Red-Letter Day

Today’s a red-letter day because today I received my first rejection from a journal.

While that may not be something to celebrate – and no, it’s not like I’m breaking out the champagne over that – I think there’s something important about it. It’s my first journal article and my first rejection, and I figure that over the course of my career this will happen more than once. (Even though I’m sure we all dream of nice solid lines of acceptance letters, right?)

I’ve been “putting myself out there” since my first year of grad school, when I resolved to submit a proposal to at least one conference every year. That was pretty successful. By next June, I’ll have presented at 9 conferences in 6 years. I also had to decline another conference, but I’ve only been rejected from a conference once. I like that track record, and that was a good goal to have.

My next thing, of course, is publication. I submitted the article in question to – well, a very good magazine, but perhaps not the best venue for the piece. Not the wrong venue, necessarily, but maybe not the best fit. I have to admit that I’m highly impressed that they got the response back to me so quickly – a week and a half after I submitted it! (The flip side may be that they considered it soooo bad that they just had to get it out of there, but the feedback doesn’t suggest that.)

The email today listed six points that they saw as important to address. Some of them are minor, and certainly things I can do. And while I probably can’t classify this as a revise and resubmit (the email said that it didn’t really fit for them in its current state, or something along those lines), they did say that if I addressed those points and substantially revised the piece, they might have an interest in the future.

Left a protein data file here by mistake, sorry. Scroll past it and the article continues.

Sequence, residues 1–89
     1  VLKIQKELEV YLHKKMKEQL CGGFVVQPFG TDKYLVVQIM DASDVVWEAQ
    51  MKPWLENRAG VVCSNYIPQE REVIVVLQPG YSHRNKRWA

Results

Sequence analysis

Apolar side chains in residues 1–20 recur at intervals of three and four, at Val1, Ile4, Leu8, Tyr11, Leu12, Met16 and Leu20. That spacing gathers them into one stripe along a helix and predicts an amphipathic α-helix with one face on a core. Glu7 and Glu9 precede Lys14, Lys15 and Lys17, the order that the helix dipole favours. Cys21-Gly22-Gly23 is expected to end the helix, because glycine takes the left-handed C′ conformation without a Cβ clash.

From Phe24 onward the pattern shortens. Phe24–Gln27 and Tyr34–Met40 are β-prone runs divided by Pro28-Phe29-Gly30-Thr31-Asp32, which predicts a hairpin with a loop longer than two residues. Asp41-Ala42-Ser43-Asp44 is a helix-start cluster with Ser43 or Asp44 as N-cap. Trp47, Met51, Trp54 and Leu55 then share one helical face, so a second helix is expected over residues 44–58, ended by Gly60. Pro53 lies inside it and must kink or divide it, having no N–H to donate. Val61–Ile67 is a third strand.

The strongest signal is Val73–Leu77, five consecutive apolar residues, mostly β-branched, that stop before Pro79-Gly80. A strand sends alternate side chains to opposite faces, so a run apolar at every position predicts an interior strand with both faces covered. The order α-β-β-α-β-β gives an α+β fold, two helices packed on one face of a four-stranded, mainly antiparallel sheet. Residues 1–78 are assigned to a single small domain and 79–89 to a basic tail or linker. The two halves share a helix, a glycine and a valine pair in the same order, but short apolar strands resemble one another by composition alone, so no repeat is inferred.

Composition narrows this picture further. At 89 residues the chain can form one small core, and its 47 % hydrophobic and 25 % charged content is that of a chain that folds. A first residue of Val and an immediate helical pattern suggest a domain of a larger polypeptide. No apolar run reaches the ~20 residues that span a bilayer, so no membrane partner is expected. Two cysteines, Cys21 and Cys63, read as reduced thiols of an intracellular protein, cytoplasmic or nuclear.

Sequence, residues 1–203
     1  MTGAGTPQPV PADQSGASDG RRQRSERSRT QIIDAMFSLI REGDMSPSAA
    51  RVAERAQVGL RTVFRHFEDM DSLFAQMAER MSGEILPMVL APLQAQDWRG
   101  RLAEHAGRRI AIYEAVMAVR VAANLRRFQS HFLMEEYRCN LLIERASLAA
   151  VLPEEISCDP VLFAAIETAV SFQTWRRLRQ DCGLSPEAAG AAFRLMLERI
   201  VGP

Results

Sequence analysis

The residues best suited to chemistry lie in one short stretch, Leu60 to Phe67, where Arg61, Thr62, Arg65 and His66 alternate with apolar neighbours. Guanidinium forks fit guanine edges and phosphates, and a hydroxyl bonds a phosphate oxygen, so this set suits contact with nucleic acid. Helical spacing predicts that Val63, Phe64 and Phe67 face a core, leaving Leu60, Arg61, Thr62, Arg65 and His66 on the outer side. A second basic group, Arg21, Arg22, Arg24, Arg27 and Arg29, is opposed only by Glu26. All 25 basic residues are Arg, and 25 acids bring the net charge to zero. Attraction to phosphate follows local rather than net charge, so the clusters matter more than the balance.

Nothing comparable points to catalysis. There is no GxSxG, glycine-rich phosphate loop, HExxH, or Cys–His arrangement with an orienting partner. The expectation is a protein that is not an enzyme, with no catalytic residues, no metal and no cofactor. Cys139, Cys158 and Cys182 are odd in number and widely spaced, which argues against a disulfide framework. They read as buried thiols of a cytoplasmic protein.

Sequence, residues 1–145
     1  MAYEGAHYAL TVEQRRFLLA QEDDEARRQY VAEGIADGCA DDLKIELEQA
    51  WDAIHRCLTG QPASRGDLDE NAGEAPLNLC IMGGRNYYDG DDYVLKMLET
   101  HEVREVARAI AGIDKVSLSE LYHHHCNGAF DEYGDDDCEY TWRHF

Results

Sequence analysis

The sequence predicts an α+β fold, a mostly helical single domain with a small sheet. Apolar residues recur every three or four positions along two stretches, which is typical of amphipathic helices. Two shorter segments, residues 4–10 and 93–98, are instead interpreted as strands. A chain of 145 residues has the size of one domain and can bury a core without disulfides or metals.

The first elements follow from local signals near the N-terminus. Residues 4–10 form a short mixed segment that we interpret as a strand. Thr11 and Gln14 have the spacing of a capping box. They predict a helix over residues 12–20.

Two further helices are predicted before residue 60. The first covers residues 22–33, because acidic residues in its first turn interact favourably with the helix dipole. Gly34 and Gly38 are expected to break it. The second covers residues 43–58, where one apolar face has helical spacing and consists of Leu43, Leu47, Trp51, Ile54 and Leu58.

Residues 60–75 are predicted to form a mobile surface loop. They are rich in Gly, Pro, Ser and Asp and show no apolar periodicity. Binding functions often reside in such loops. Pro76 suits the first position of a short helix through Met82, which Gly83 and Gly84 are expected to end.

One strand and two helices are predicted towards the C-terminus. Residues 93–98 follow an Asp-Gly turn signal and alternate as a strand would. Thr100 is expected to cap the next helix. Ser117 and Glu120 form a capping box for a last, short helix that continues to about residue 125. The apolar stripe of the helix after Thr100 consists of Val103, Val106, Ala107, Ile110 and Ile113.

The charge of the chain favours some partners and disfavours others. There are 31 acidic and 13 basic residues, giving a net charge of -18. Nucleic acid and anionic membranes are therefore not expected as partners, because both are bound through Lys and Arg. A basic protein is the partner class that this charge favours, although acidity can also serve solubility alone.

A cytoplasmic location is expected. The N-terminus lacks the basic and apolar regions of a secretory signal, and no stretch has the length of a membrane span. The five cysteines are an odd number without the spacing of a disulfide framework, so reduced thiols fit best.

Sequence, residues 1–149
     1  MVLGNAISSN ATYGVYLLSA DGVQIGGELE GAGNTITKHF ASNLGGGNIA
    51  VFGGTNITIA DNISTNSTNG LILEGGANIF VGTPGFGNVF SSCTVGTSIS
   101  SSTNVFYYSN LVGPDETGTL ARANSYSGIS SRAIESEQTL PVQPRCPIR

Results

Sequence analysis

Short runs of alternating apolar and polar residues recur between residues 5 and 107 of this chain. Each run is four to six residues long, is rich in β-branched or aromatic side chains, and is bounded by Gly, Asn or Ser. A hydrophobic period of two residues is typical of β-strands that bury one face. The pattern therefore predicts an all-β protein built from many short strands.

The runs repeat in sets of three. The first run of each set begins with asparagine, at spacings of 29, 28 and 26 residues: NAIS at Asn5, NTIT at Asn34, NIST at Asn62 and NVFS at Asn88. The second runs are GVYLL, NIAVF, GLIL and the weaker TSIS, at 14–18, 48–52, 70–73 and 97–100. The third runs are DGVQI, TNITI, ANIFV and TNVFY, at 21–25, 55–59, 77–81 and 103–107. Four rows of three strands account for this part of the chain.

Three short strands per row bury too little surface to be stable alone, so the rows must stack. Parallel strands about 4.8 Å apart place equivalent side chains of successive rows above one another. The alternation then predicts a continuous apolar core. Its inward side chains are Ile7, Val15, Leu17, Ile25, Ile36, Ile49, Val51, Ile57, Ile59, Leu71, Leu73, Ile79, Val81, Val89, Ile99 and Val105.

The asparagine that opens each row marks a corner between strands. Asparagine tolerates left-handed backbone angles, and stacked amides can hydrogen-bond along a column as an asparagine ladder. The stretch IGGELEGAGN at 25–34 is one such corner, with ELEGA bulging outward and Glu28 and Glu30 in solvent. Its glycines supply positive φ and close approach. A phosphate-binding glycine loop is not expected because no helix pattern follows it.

The six points they brought up were excellent ones. Again, one or two of them are “easy fixes”, and at this point, even the more major ones wouldn’t take much to think about. Overall, I thought the feedback was incredibly helpful for my thinking about this piece and how it all comes together.

Am I disappointed? Oh my gosh, yes. I can’t tell you how disappointing and crushing it was to receive this email – I knew it had to be a rejection given how quickly it was sent to me. But I also knew that could be the outcome, and I have to say that the feedback really softened the blow.

(Although I’ll be honest: getting rejection when you’re in the midst of revising your dissertation and starting to send out job applications is more than a little stressful. It makes it easy to question EVERYTHING I’m doing, although I’m trying to focus on what I’m doing right. Clearly, the editors think I have a fascinating topic and that there’s potential. I just need to follow through.)

What’s next? Revision, of course! I’m thinking that this Saturday would be the perfect day to start in on those changes so that I can either send it back or send it on to some place new.

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8 thoughts on “Red-Letter Day

    • I won’t lie: I *am* bummed, but I don’t want to get discouraged and not do anything about it. I think that would not bode well for the job search application season I’m beginning….

  1. But don’t send it back to them. They have told you with a quick rejection that they don’t want it. They were very generous by giving you some good comments ( the editors did their job), but I think there’s very little chance they would want to see it again anytime soon.

    • No, I probably won’t. The feedback indicated they found the piece very intriguing, and in my opinion, the points they made are revisions I can make without a lot of hassle. However, one key point stood out. It was something about the journal’s publication tendencies that I knew about, but had made the decision to submit anyway based on other information/history. I don’t think it’s an area I can really “correct” for them well enough to satisfy, simply because my evidence isn’t there. I have other places I’m looking now.

  2. I’m glad you’re taking the rejection in stride. In my experience, a rejection that accompanies insightful comments from readers is a good thing. If a reader didn’t think your work was serious, s/he wouldn’t have spent the time to help you strengthen it.

    I know acceptance letters will be landing in your inbox soon!

    • It still stings, but I figure if I can’t buck up and keep going, there’s no way I’ll survive the job application season! πŸ™‚

    • I’m also allowing the moments where I freak out and think there’s no way in the world anything I write will ever be good enough. πŸ™‚

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